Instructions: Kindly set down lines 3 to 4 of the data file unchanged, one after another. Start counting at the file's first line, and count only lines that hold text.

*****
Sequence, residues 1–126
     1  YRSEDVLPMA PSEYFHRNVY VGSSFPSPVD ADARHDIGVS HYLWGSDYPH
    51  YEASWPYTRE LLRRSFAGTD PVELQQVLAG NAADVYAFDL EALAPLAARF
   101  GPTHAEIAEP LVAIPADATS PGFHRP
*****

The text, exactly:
    51  YEASWPYTRE LLRRSFAGTD PVELQQVLAG NAADVYAFDL EALAPLAARF
   101  GPTHAEIAEP LVAIPADATS PGFHRP